By Mike Bird and Kenan Machado
Technology firms led major U.S. stock indexes higher Wednesday, a day after the Nasdaq Composite closed above 7,000 for the first time.
The Dow Jones Industrial Average added 46 points, or 0.2%, to 24870 shortly after the opening bell. The S&P 500 rose 0.2% from its latest all-time high and the Nasdaq climbed 0.3%.
Highflying semiconductor stocks have boosted the broader technology sector to start 2018, after the PHLX Semiconductor Index added nearly 40% last year. The makers of computer chips used in everything from smartphones to self-driving cars have gotten a boost recently from a Semiconductor Industry Association report that showed a 21.5% increase in world-wide chip sales in November from the same month a year earlier.
Advanced Micro Devices added 5.4%, while Nvidia climbed 3.7%, extending Tuesday's gains. Meantime, Intel shares fell 2.1% after British publication The Register reported that some Intel processors have a fundamental design flaw that would require a significant security update of Linux and Windows operating systems.
Corporate news drove swings among individual stocks.
Scana shares climbed 22% after Dominion Energy said it has struck a deal to buy the troubled energy firm in an all-stock transaction valued at about $7.66 billion and absorb some of the costs of Scana's failed South Carolina nuclear project. Dominion Energy shares declined 4.3%.
Shares of Valeant Pharmaceuticals rose 2.2% following the firm's announcement that it paid down an additional $300 million in debt with cash on hand.
Investors were awaiting minutes from the Federal Reserve's December meeting, scheduled to be released later Wednesday. The central bank raised rates for a third time in 2017 at the meeting and stuck to its projections for three more increases this year. Some analysts have said they would be parsing the Fed's discussion of muted inflation and its assessment of how tax changes could impact the economy.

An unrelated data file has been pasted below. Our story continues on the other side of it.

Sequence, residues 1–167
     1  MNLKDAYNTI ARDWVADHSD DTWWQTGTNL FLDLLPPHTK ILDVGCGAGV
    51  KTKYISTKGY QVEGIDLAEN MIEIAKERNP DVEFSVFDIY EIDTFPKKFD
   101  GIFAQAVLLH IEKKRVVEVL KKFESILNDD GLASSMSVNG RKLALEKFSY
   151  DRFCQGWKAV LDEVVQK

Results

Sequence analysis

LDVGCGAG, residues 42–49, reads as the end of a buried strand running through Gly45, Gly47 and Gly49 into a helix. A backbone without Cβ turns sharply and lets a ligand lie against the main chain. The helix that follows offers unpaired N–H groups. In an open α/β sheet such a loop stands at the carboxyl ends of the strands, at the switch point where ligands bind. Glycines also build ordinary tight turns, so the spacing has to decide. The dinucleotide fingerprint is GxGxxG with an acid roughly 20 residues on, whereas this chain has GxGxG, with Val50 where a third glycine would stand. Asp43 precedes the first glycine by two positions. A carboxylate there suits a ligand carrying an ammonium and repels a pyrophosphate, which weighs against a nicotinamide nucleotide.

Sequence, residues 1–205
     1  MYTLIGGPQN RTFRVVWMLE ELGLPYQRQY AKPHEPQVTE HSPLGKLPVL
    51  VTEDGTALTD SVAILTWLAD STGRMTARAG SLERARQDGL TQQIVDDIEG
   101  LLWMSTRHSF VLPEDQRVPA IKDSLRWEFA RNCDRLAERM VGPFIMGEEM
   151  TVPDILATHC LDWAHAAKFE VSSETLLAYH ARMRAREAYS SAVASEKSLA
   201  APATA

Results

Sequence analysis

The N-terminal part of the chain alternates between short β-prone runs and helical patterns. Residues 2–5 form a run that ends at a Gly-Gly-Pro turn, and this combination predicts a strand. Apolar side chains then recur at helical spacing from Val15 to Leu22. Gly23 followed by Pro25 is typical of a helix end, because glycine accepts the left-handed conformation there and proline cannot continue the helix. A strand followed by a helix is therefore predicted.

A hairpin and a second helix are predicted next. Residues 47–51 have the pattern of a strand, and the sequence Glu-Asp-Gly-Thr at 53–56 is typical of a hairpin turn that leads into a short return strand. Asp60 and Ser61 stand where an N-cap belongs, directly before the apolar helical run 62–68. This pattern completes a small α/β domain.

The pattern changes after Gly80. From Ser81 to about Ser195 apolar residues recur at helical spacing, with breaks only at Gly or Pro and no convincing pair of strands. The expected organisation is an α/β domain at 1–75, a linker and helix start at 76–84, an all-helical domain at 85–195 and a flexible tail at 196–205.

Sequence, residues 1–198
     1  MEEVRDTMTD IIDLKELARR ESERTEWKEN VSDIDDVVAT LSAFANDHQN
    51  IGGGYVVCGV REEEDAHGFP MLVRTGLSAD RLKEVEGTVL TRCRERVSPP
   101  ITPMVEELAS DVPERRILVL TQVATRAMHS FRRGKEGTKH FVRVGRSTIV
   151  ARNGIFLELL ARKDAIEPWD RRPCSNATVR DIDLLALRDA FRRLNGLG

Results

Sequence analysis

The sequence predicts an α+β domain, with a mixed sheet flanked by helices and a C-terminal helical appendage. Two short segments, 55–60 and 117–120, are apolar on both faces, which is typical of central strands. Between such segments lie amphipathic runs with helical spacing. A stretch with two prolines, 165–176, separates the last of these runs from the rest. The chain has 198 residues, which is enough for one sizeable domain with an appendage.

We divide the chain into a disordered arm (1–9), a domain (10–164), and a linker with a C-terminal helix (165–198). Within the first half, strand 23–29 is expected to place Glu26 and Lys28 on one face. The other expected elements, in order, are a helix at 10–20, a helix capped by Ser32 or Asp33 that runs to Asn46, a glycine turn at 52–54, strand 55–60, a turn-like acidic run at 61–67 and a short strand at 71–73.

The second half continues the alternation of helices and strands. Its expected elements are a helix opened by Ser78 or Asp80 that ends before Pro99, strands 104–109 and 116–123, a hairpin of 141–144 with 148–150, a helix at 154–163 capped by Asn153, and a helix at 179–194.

The yield on the 10-year U.S. Treasury note fell to 2.442%, according to Tradeweb, from 2.465% Tuesday. Yields fall as bond prices rise. The 10-year yield has rebounded from its September lows, when it fell as low as 2.03%.
"People really need to pay attention to what bond markets are telling you," said Stephen Macklow-Smith, head of Europe equity strategy at J.P. Morgan Asset & Wealth Management. "We're in an environment where central banks are starting to retreat from outright monetary stimulus."
The dollar steadied after falling for a seventh straight session Tuesday, with the WSJ Dollar Index -- which tracks the U.S. currency against a basket of 16 others -- up 0.1% from its lowest level since September.
Elsewhere, the Stoxx Europe 600 index was up 0.4%, helped by a 1.7% rise in European technology sector. The euro fell 0.3% against the dollar, after hitting its highest closing price in three years Tuesday. Some investors expect the euro to continue strengthening on the back of unexpectedly strong economic conditions.
"Europe continues to enjoy the most important growth acceleration that we've seen in over a decade," said Alessio DeLongis, portfolio manager at OppenheimerFunds.
"We think it's an environment that's conducive to inflows into Europe, into equities particularly, and therefore into the euro," he added.
The Shanghai Composite Index added 0.6%, climbing for the fourth straight session. Hong Kong's Hang Seng Index closed up 0.1% -- its highest close in more than a decade. Japanese markets were closed and won't open for their first day of trading in 2018 until Thursday.
-- Amrith Ramkumar contributed to this article.
Write to Mike Bird at Mike.Bird@wsj.com and Kenan Machado at email@example.com